Migration Stories From World War II to Now

UTICA, New York — A 2022 New York Times article by Susan Hartman, “How Refugees Transformed a Dying Rust Belt Town,” details how Utica, New York, was reinvigorated when it became the new home of refugees escaping war and persecution in countries including Bosnia, Myanmar, and Somalia. The US Census Bureau estimates that about 22% of Utica’s 64,000 inhabitants were born outside the US. This significant immigrant population inspired the exhibition Between Worlds: Stories of Artists and Migrations, on view at the Munson through May 5.

Between Worlds spans a period from the cusp of World War II to today, and presents works that address migration, displacement, home, and people’s geographic and metaphoric movements. While pieces like Yasuo Kuniyoshi’s painting “Empty Town in the Desert” (1943) and Frederick Sommer’s photograph “Arizona Landscape” (1945) reflect the strangeness of moving overseas and encountering the American West for the first time, other works speak to migrations within the United States. 

Romare Bearden’s lithograph “Before the Whistle” (1973) depicts an African American couple readying for work, exemplifying those who moved from the Jim Crow-era South to the industrialized North during the Great Migration. Phil Young’s large-scale acrylic and sand painting “Glen Canyon Desecrations No. 3” (1990) protests the development affecting Glen Canyon National Recreation Area, which crosses the Arizona-Utah border — an area traditionally inhabited by and important to many Indigenous Americans. Shaunté Gates’ dynamic mixed-media composition “There’s No Place Like Home” (2021) reflects ambivalent memories of friendships and trauma experienced in the neighborhood where the artist grew up.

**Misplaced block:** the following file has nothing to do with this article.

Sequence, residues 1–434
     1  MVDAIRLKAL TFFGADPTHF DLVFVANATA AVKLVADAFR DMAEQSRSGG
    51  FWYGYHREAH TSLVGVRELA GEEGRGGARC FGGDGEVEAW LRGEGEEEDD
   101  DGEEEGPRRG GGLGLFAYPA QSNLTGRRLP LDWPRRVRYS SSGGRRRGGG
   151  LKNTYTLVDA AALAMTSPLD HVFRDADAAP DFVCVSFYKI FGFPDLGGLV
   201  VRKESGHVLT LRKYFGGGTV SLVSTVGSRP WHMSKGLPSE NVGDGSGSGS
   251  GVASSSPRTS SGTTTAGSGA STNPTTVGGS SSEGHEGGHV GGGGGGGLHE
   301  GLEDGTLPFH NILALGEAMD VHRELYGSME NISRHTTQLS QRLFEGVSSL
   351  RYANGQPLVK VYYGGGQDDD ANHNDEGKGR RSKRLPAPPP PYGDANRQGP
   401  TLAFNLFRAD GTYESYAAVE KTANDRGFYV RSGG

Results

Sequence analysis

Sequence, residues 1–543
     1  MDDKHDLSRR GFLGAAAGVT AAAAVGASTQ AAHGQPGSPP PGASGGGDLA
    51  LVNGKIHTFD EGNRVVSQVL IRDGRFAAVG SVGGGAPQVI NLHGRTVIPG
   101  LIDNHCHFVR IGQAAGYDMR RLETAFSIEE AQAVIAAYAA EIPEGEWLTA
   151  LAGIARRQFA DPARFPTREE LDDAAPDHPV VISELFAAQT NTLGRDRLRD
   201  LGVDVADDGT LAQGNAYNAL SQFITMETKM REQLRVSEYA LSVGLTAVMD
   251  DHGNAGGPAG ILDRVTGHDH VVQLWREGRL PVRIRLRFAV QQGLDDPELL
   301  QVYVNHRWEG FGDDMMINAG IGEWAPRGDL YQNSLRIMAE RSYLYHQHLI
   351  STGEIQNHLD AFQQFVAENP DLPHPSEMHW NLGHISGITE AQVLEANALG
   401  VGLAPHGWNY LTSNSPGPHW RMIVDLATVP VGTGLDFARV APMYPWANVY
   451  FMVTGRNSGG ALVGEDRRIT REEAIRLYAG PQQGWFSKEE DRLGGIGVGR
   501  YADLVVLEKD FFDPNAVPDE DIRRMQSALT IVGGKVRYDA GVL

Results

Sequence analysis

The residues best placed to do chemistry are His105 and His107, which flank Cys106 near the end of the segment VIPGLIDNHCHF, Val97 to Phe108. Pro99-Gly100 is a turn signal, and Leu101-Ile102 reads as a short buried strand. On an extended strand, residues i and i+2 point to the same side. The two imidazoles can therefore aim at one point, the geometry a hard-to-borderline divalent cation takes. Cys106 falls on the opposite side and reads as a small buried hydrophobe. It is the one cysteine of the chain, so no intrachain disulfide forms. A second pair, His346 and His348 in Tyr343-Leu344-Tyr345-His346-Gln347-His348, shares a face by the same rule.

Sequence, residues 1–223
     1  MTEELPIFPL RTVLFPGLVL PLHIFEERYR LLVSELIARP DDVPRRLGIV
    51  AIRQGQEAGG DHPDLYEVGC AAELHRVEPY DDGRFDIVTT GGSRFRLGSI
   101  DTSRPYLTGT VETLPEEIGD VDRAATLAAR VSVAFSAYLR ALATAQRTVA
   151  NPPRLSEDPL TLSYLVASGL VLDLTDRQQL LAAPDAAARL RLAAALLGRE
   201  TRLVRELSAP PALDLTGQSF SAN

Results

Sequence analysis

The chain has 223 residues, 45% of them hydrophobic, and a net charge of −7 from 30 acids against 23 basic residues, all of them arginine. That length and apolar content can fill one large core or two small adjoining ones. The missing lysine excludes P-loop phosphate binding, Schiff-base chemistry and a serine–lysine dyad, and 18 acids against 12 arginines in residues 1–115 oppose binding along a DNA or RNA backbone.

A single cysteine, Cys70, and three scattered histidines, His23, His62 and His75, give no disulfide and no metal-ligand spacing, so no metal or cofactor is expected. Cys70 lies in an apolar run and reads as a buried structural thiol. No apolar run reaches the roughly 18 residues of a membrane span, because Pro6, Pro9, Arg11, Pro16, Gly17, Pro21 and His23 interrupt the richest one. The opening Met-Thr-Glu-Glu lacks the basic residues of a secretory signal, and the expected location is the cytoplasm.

Supplementing the artworks, a QR code in the gallery leads visitors to a website that hosts audio stories of travel, survival, adaptation, and identity by people currently living in Central New York whose families were displaced, including members of the Haudenosaunee Six Nations Iroquois Confederacy. 

Several big-name European-born modernists like Louise Bourgeois, Marcel Duchamp, and Willem de Kooning are also included in the exhibition. In a time when the word “immigrant” is often used as a slur in sociopolitical discourse to describe people of color from the Global South seeking sanctuary in North America and Western Europe, these White 20th century artists’ experiences may seem irrelevant to current events — and some of their works in this show do ostensibly have little to do with its theme. It’s important, however, to recall the global turbulence of the early to mid-twentieth century, a period marked by the spread of Naziism across Europe, the Armenian Genocide, and the rise of strongman dictators like Mussolini, Franco, and Stalin. Many of these artists’ stories and works remain as relevant today as they were nearly a century ago.

Between Worlds: Stories of Artists and Migration is on view at the Munson Museum (310 Genesee Street, Utica) through May 5. The exhibition was curated by Mary Murray and was created through a multi-year collaboration between the Museum of Fine Arts, Boston; the Mattatuck Museum, Waterbury, Connecticut; and the Munson, Utica, New York. 

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